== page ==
Texture and Ply
Now we’re moving into what I consider the really, really, incredibly fun part of knitting– texture! Smooth to nubbly to furry to round, I love yarns for their texture. And obviously, yarns with a different texture will make a different final product.
Texture can come from the number of plies (individual strands of spun roving, called singles) in a yarn.
- Unspun roving of unknown provenance
- Single ply yarn: Malabrigo worsted
- Two-ply yarn: Handspun BFL
- Three-ply yarn: Handspun and navajo-plied from the blue edition of the roving of unknown provenance, sport-weight
- More-ply yarn: Sandnes Garn Peer Gynt, sport-weight 100% wool
- Yarn with lots and lots and lots of plies: Jaeger Extra Fine Merino DK, sport-weight 100% merino
Generally speaking, the more plies a yarn has and the more tightly the yarn is plied, the more stitch definition you’ll have in the final swatch, which means texture work and cables will show up wonderfully (see yarns #4 and 6). On the other hand, yarns with fewer plies and which are more loosely plied give a more rustic look and blend together for a soft, cozy effect (see yarns #2 and 3, and roving #1). A lot of fair isle, particularly of the Alice Starmore style, uses yarns with looser and fewer plies and a distinct halo so that the different colors of yarn blend together, creating a painted or watercolor effect.
This is that single-ply Malabrigo merino. It’s fuzzy, and you can see how even the garter ridges are blended into one another instead of standing out sharply. In addition, single-ply yarns tend to be unbalanced- they still contain twist. An unbalanced yarn creates stitches that slant slightly. In the zoom-in section, I’ve outlined the shape of a stitch and you can see that instead of the typical knitting stitch “V,” the stitches are shaped a little like a lopsided check mark, with one column of vertical legs and another of slanted legs. Really unbalanced yarn will even create a biased fabric, where the swatch leans in one direction or another. Malabrigo doesn’t bias because Malabrigo is made by some amazing magical formula. Any yarn can be unbalanced, even if it has multiple plies, but typically plied yarns are more balanced than unplied.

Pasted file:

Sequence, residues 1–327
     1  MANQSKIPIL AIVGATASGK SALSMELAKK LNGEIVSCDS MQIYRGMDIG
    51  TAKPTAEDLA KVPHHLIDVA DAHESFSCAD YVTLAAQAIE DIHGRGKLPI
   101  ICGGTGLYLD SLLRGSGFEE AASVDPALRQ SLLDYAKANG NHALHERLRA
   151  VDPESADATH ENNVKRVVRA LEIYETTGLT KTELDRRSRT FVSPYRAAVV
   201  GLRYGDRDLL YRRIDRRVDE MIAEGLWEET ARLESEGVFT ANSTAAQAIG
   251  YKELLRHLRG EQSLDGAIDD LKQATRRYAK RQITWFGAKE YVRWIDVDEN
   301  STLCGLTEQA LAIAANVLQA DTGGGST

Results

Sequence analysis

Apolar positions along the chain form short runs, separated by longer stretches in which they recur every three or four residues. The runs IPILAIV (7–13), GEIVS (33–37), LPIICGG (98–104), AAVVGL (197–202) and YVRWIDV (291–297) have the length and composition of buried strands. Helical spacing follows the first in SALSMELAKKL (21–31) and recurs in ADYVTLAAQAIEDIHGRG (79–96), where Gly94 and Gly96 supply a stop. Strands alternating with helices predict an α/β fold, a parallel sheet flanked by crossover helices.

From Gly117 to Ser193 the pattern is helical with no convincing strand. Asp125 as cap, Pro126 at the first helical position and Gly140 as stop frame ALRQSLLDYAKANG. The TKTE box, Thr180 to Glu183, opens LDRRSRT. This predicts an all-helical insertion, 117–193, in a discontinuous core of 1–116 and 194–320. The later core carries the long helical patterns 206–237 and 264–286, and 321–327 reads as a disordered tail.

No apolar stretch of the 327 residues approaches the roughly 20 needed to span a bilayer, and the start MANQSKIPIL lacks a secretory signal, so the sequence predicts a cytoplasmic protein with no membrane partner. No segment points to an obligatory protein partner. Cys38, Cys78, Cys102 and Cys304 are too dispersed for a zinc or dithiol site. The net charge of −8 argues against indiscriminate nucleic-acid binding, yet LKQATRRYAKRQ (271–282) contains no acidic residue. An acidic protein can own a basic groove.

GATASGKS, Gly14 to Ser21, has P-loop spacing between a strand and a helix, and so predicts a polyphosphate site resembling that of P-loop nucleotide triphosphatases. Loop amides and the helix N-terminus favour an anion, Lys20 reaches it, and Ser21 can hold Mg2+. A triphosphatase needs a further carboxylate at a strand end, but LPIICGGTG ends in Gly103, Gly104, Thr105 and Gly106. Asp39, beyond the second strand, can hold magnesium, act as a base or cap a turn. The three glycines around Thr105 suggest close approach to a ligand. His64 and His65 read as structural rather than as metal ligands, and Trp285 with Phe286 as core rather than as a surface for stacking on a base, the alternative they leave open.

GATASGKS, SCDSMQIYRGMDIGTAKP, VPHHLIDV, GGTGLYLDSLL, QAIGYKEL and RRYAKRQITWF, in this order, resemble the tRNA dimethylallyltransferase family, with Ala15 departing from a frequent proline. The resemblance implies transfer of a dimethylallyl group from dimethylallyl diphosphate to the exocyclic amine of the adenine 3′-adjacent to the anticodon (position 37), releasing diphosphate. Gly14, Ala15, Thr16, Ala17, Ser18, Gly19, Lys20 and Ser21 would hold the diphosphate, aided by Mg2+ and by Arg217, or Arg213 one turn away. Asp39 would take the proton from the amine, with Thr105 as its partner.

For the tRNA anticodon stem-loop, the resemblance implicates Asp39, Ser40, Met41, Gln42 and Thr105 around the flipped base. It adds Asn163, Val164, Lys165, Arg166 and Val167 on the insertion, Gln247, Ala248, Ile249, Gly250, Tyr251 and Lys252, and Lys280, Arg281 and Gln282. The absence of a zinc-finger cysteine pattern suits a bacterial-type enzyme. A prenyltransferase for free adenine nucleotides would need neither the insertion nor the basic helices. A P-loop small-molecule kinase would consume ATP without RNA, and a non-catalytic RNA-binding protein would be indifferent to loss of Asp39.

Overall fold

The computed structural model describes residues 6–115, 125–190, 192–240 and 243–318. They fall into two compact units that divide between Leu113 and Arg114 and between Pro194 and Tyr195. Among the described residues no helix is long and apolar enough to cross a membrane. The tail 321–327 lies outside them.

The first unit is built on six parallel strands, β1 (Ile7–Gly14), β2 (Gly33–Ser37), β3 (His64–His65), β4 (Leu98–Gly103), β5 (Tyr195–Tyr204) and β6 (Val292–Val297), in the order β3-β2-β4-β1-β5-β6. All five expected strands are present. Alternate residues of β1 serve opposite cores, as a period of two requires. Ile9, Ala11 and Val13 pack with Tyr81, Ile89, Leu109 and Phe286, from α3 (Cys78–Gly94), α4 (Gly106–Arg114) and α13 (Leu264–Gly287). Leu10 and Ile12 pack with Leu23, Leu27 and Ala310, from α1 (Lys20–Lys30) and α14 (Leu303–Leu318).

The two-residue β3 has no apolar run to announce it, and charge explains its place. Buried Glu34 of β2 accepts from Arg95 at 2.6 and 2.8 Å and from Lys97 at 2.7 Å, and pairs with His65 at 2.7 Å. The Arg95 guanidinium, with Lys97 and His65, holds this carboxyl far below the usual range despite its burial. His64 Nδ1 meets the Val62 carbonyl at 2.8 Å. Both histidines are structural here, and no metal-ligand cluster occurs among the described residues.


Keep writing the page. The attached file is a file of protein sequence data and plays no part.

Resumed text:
On the extreme other end of the plying spectrum is the Jaeger Extra Fine Merino DK, which has six plies, each of which is itself two-ply, for a total of 12 plies! It’s evenly spun up, and looks almost round, with none of the gaps that you see in the two-ply yarn. This yarn is well-balanced– you can see how the stitches form the characteristic V’s. The garter ridges are also very sharp and well-defined, so this yarn would be great for texture due to its roundness and smoothness– it has no halo to speak of.
Compare again to this swatch of my second batch of handspun, the BFL.
This yarn is a two-ply, and it’s very hairy (my fault!). You can see the balance of the stitches as they form proper V’s, but the garter ridges show that most texture wouldn’t be apparent because of the fuzzy halo and loose hairs floating around. This yarn is at the extreme end of the fuzzy hairy “natural look” yarns. If I used this yarn in fair isle work with another, equally fuzzy yarn, I’d get a very subtle, blended effect.
General Plying Facts
A factor to think about with texture and ply is the extent to which yarns “bloom” when washed. Sometimes, a yarn that looks very smooth in the ball will become softer and fuzzier in the wash, losing some stitch definition. The only way to know is to swatch, or see a swatch knit by somebody else and washed (most LYSs are good for that), or to look up reviews of the yarn in places like WiseNeedle or Knitter’s Review.